By PETER LEFTIE
September 28 2009
Cabinet ponders revolutionary Bills set to redefine the family, property and rights.
A new law that seeks to revolutionise marriage by outlawing forced marriage and wife inheritance while embracing come-we-stay unions has been drafted.
The Marriage Bill also provides that one does not have to pay dowry to get married, but recognises dowry payment by those who are capable of doing so. It also states clearly that dowry will not be recovered in the event that the marriage collapses.
However, the Bill’s fate hangs in the balance after the Cabinet stopped its debate on grounds that further consultations needed to be made before it is tabled in Parliament.
Last week’s Cabinet meeting chaired by President Kibaki stopped debate on the draft Marriage Bill, Matrimonial Property Bill and the Family Protection Bill to pave the way for “further consultations” with MPs and other stakeholders.
“The Cabinet decided to hold further consultations with MPs and other stakeholders in order to broaden consensus on the Bills before they are tabled in Parliament,” read a Cabinet brief dispatched to newsrooms after the session.
The decision has thrown into uncertainty the Bill that also proposes that any man or woman in a marriage would provide for the upkeep of the financially weaker spouse.
According to the draft copy of the Bill, a couple will be deemed to be legally married if they cohabit for two years or more.
It also allows the bridegroom and the bride to decide whether their marriage will remain monogamous or become polygamous at some stage, so long as they both consent in writing.
The Bill further grants a widow the right to marry a person of her choice — a clear attempt to eradicate the culture of forced wife inheritance practised among some Kenyan communities.
It also blocks the marriage of a person to his stepmother, a practice which still prevails in some parts of the country, and further blocks one from marrying an adopted son or daughter.
The Bill seeks to outlaw child marriages by setting the minimum age for marriage at 18 years.
A minister who spoke to the Nation dispelled fears by gender activists that the Cabinet had effectively shot down the three Bills.
“What we did was to refer the Bills back to the drafters so that they are consolidated into one piece of legislation because they are all related,” said the minister, who asked not to be named because he is not allowed to reveal Cabinet secrets.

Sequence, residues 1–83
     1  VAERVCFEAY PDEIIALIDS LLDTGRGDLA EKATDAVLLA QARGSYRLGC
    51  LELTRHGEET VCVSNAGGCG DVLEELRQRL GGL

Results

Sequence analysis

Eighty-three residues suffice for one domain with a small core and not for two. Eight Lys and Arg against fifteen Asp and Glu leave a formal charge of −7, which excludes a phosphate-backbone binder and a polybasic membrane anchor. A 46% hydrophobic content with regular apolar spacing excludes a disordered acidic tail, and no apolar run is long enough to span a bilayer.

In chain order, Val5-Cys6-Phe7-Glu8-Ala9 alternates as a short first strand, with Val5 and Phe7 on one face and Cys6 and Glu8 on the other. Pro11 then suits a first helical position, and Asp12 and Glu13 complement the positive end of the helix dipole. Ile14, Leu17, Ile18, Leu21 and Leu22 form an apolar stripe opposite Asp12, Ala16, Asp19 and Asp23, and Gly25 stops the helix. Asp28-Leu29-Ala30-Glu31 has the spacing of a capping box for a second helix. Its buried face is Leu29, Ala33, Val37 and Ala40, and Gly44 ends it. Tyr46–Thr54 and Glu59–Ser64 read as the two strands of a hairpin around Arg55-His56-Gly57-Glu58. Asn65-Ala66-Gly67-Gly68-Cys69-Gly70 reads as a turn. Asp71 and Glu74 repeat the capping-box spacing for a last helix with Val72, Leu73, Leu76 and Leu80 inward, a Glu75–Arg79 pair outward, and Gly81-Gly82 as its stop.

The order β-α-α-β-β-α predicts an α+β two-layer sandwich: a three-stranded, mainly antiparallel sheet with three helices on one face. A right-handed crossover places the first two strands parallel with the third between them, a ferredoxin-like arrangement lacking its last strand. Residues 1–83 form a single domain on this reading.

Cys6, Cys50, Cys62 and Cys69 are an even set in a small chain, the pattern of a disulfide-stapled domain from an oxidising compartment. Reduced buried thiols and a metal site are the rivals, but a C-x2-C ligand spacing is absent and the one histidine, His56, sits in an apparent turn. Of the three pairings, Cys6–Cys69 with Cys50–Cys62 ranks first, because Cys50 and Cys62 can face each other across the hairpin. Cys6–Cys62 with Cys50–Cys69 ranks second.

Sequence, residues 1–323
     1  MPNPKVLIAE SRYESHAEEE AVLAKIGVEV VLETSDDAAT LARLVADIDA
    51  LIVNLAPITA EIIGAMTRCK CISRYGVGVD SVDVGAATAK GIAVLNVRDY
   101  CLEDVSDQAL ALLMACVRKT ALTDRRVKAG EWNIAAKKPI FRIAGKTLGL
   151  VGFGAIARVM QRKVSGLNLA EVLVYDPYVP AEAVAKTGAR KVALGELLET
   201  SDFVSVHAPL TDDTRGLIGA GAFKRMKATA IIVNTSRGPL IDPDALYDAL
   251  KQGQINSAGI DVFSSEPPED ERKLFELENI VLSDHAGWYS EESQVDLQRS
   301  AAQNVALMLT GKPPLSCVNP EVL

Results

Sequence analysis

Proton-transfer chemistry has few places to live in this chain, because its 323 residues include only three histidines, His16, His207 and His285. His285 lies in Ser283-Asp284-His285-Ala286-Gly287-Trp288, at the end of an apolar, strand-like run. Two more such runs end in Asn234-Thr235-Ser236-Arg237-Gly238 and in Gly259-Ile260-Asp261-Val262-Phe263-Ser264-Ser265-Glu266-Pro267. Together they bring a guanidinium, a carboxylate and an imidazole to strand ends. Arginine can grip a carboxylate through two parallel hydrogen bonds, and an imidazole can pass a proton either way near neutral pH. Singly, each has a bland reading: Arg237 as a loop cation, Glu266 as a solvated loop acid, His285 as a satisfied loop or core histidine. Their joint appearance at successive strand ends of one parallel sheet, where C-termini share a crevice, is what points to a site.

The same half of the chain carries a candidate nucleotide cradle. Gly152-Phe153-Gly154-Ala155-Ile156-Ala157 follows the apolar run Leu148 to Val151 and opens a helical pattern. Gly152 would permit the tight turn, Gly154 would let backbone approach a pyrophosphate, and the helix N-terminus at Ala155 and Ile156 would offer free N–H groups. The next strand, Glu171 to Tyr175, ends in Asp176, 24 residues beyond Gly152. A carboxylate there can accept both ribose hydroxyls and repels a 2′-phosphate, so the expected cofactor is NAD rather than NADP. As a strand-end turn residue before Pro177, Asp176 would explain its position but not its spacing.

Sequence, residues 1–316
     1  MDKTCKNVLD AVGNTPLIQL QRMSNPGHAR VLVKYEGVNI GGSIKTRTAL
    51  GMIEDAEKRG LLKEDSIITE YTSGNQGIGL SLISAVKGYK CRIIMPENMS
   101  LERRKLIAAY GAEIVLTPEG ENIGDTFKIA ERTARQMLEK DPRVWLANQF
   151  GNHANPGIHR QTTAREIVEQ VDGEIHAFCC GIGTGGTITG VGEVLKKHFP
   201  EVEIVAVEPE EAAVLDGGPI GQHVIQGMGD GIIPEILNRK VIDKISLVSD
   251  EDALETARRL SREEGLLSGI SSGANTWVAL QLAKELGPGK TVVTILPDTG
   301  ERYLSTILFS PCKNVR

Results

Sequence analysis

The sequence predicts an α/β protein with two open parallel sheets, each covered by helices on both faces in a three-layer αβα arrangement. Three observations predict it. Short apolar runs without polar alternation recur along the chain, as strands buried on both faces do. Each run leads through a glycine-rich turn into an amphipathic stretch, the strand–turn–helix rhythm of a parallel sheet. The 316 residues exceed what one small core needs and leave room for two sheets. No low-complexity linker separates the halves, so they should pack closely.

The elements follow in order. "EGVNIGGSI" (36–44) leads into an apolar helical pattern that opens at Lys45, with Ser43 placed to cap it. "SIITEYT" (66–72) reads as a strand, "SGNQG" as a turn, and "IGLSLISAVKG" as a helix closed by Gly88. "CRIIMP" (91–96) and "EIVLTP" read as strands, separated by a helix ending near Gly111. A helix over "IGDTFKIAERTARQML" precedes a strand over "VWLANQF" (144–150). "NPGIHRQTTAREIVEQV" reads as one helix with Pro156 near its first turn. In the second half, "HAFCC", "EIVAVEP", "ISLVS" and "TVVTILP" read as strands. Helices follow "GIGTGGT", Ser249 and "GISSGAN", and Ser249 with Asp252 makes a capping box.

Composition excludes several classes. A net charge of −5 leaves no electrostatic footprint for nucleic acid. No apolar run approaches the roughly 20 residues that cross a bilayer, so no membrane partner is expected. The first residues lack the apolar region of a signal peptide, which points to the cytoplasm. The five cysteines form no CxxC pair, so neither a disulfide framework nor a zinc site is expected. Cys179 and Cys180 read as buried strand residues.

Family lawyer Judy Thongori, in an interview with the Nation, defended the three Bills, saying they were “well-intentioned”.
Ms Thongori argued that the Marriage Bill, in particular, would consolidate all the seven laws currently governing marriages into one.
“They are very good Bills, we do not need to consolidate them into one. Their enactment will address once and for all the inconsistencies in the various pieces of legislation relating to marriage. They do not in any way segregate against one gender,” she stated.
Fr Vincent Wambugu, the secretary of the Kenya Episcopal Conference, which is the assembly of Catholic bishops in the country, objected to the clause recognising the come-we-stay marriages.
“Marriages should not be taken that casually. They are a blessing from God and they are not influenced by issues of property and inheritance. You do not cohabit for two years and declare you are married.”
Renowned Islamic preacher and nominated MP Sheikh Mohammed Dor cautioned the Cabinet to tread cautiously on the three laws.
“We are happy they rejected them in their current form. We will vigorously resist laws which undermine Islamic statutes regarding marriage and the rights of women because these are clearly spelt out,” he said.
Under the Marriage Bill, marriages will be monogamous or “potentially” polygamous where the man could marry more wives without divorcing the first wife.
Couples planning to marry will give a notice of their intention to the registrar of marriages between three weeks to three months of the intended marriage.
Marriages contracted under either customary or Islamic law are deemed as polygamous or potentially polygamous. In all other cases, marriages are presumed to be monogamous meaning that those cohabiting have to agree to have monogamous unions.
Null and void
The Bill also deems a marriage null and void if one of the parties is found to have been insane, drunk or under the influence of drugs at the time of consenting to the marriage.
The marriage will also be declared null and void if it was conducted in the absence of the bride or the bridegroom or where either party was not capable of consummating it and has remained in that state ever since.
The Bill recognises marriages under the Islamic and the Hindu faith while also allowing the registration of customary marriages as opposed to the current situation where no Act of Parliament provides for such marriages.
The Bill provides that where the parties are separated, either spouse shall maintain the other spouse. In the current laws, the husband has a duty to maintain a needy wife, but there is no provision for the wife to maintain a needy husband.
The Bill also allows a man to borrow money on the strength of his wife’s finances and vice versa, so long as the money is to be used to cater for the family’s needs.
The Bill lists the grounds for divorce as including proven cases of adultery, cruelty, neglect and separation or desertion for at least two years.
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